Book Reviews

The latest indie book reviews from Self-Publishing Review

Celluloid Cowboy by Scott C. Rogers

There is a lot of new fiction that’s heavily influenced by Charles Bukowski.  The U.K. group of writers The Brutalists fits this mold.  In the U.S., the Long Beach, CA press Burning Shore puts out Bukowski-inspired work by Tony O’Neill (also a member of the Brutalists), Dan Fante (son of Bukowski mentor John Fante), and Rob Woodard. …

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The Trouble With Being God by William Aicher

The set-up for The Trouble with Being God is pretty enticing.  On the back of the book is a reader review, stating, “It’s not often that a book can keep you so interested and make you think, You know I’ve never really looked at it like that.”  The dedication inside reads, “For my wife, Hope, who  was so disturbed by the book that she still has not been able to read the entire thing.”  Finally, on William Aicher’s site for the book is a list of suggested reading, which includes many of the recent non-fiction tomes on atheism.…

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Darc Ages by A.R. Yngve

Guest reviewed by Susan Helene Gottfried, a writer interested in music-related self-published books.  She’s the author of Shapeshifter: The Demo Tapes — Year 1: “A band’s demo tape is intended to introduce listeners to their music. Likewise, this collection of short pieces allows readers into the fictional world of Trevor Wolff and his band, ShapeShifter.”  Check out her books and other output at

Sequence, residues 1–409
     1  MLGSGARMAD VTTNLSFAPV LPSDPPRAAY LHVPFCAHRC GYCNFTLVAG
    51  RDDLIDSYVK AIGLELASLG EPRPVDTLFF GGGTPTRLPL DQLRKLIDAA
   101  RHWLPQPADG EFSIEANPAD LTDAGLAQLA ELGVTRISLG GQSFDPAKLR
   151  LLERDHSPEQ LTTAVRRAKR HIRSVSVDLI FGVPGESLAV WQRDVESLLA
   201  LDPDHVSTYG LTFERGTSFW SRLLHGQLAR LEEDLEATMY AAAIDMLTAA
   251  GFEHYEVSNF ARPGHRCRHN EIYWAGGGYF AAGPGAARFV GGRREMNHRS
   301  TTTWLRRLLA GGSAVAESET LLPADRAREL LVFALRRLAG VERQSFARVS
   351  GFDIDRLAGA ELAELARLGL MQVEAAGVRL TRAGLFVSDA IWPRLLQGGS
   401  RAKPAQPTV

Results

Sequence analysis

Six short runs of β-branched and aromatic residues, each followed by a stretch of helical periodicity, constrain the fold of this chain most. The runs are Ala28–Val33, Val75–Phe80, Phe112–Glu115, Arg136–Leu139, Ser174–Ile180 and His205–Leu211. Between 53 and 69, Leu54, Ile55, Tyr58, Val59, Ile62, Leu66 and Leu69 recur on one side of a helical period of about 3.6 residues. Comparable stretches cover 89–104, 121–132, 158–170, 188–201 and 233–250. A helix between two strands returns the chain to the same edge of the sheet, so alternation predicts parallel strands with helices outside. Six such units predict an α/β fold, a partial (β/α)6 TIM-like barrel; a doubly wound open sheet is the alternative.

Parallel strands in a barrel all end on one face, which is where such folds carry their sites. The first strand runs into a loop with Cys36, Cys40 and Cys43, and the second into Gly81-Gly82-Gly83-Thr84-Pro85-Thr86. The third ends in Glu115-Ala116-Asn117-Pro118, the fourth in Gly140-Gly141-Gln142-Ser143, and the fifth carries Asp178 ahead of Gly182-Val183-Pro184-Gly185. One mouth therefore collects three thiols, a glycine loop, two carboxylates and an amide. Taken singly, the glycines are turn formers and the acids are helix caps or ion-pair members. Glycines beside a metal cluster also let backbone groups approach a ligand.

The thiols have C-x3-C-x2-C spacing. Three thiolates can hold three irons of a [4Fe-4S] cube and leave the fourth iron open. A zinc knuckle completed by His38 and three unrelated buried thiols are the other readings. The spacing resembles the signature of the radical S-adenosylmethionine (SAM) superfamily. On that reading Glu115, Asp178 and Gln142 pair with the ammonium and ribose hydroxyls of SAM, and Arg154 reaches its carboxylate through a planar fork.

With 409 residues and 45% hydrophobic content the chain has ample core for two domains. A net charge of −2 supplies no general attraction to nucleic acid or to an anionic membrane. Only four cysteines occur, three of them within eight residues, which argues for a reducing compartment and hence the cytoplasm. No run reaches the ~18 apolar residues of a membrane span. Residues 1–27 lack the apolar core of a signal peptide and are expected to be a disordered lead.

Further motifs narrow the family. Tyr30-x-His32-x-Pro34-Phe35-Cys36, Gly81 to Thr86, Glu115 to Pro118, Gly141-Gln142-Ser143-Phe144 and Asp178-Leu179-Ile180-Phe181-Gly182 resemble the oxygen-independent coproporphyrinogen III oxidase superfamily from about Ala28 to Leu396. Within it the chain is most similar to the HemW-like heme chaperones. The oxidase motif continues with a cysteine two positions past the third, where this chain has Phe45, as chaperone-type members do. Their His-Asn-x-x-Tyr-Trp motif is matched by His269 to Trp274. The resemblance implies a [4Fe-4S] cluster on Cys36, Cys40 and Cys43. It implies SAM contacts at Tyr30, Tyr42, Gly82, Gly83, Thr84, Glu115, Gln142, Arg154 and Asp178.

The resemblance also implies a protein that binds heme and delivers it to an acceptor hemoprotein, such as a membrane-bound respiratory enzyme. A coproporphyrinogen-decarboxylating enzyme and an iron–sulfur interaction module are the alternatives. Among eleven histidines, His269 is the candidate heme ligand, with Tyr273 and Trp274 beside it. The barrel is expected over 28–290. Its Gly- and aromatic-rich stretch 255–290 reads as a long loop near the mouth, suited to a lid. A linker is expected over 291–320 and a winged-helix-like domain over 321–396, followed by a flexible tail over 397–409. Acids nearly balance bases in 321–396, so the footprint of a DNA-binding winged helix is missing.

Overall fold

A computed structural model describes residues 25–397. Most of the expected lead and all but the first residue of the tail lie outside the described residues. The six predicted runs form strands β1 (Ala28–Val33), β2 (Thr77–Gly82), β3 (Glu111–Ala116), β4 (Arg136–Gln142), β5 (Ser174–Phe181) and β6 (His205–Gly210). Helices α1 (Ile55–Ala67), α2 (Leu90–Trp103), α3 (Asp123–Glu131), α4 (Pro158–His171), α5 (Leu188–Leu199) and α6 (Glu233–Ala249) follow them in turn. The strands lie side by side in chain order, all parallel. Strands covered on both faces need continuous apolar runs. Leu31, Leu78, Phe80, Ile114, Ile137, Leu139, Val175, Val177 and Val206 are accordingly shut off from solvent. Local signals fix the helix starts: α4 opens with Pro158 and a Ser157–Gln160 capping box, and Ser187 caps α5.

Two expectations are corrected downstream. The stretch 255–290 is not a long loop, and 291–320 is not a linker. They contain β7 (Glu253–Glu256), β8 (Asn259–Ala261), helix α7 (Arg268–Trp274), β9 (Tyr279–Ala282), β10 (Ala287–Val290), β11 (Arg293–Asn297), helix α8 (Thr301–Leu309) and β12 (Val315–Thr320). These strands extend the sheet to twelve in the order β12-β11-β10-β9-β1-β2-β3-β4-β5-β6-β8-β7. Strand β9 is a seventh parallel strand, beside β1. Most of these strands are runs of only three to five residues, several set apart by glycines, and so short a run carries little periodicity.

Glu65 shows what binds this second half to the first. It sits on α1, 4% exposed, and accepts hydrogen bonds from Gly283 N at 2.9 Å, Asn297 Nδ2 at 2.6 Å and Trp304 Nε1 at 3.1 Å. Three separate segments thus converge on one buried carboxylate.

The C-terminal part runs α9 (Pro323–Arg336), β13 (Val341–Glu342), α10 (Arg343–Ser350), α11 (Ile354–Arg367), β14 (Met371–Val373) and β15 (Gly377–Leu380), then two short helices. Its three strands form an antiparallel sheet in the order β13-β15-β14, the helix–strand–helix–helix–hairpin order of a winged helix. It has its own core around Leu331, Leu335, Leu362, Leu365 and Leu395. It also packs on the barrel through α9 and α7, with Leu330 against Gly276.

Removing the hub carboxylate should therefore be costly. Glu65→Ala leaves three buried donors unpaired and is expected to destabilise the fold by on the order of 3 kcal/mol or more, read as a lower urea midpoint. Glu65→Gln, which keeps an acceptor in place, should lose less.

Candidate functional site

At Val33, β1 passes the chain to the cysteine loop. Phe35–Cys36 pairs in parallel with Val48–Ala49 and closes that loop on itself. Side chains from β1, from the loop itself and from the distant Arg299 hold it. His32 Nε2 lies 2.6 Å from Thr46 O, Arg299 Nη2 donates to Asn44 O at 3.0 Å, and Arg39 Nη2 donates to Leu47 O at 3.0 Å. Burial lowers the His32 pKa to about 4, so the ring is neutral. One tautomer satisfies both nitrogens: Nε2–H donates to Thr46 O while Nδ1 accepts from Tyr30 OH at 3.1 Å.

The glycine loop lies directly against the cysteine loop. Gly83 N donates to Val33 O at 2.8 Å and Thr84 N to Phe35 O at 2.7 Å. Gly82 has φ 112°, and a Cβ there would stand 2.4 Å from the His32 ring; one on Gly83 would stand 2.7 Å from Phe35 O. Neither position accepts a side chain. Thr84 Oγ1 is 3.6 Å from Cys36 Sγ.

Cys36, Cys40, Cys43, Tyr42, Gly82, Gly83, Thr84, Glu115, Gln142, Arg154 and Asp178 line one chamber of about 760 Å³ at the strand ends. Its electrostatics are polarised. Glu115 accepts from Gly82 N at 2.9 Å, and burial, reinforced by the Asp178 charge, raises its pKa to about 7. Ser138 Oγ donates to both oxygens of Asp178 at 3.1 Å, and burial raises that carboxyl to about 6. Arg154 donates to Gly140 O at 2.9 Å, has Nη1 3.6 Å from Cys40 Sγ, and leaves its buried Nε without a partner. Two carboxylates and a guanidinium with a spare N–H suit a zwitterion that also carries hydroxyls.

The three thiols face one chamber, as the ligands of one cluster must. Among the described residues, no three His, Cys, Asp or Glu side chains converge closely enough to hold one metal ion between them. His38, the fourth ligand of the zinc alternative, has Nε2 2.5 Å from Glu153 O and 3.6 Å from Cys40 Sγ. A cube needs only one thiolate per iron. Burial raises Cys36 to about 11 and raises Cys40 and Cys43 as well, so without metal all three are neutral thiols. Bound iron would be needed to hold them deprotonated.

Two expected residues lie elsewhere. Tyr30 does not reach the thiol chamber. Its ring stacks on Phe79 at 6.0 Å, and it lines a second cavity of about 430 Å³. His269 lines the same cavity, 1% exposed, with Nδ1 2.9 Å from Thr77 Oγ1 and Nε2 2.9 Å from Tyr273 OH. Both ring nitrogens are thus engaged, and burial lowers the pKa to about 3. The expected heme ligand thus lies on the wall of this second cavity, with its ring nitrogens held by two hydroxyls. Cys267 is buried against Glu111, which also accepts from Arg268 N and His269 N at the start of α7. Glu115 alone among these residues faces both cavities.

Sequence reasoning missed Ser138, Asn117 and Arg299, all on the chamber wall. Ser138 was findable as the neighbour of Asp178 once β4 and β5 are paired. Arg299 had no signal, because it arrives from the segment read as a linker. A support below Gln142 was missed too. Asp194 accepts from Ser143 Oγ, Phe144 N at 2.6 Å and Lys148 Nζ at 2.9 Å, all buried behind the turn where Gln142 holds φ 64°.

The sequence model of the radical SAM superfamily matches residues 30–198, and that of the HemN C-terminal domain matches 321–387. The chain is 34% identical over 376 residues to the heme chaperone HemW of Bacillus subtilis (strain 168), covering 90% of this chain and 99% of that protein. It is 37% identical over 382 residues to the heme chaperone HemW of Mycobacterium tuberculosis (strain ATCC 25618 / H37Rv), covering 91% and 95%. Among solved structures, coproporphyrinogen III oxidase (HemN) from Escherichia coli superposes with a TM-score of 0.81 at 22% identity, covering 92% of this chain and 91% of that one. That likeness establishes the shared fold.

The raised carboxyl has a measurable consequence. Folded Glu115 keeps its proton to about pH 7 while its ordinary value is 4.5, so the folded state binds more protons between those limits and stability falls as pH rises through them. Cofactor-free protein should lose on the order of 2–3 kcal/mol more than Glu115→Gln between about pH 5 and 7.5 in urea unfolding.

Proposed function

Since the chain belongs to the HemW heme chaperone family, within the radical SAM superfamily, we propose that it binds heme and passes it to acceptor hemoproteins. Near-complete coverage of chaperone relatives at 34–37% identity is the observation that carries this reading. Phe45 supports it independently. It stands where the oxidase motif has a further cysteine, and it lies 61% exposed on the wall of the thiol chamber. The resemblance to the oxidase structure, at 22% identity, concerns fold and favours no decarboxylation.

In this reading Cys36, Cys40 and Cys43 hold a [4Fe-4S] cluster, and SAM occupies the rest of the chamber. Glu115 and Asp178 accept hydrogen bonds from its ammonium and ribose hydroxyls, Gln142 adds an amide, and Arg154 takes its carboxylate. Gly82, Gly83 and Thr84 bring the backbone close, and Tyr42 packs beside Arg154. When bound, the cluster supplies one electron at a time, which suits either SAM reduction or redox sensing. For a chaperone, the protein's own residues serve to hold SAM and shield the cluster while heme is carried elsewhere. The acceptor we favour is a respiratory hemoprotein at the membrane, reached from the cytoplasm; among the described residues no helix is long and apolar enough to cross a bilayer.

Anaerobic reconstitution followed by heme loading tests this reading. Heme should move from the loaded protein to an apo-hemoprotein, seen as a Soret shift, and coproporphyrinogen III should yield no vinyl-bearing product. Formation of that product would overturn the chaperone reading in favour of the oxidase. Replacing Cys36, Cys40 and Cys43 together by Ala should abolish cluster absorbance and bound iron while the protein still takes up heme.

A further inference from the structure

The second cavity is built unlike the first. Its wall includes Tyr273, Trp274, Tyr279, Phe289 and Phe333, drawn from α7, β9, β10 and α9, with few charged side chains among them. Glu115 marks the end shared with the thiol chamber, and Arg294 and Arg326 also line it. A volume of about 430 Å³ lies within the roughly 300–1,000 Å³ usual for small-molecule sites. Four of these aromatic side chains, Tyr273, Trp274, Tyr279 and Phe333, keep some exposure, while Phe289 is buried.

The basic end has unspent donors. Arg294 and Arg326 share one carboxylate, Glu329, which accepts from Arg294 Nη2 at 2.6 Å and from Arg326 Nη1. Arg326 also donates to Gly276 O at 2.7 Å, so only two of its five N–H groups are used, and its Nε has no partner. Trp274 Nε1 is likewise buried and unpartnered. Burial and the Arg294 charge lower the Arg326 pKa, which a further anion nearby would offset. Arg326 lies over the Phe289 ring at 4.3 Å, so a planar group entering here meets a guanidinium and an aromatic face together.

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Page One Review: The List by Carmen Shirkey

The List by Carmen Shirkey identifies itself fairly quickly as chick-lit (light, upbeat fiction marketed toward young women). I point this out only because I don’t read much (any) chick lit, these days, so I was hesitant, at first, to critique the page.…

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Commercial Break by Keith Harmeyer

There’s no reason this novel should not be traditionally published.  The only reason I could surmise is that maybe there were a number of novels surrounding the advertising industry coming out at the same time.  I have to plead ignorance that I have not read a lot of novels about ad execs. …

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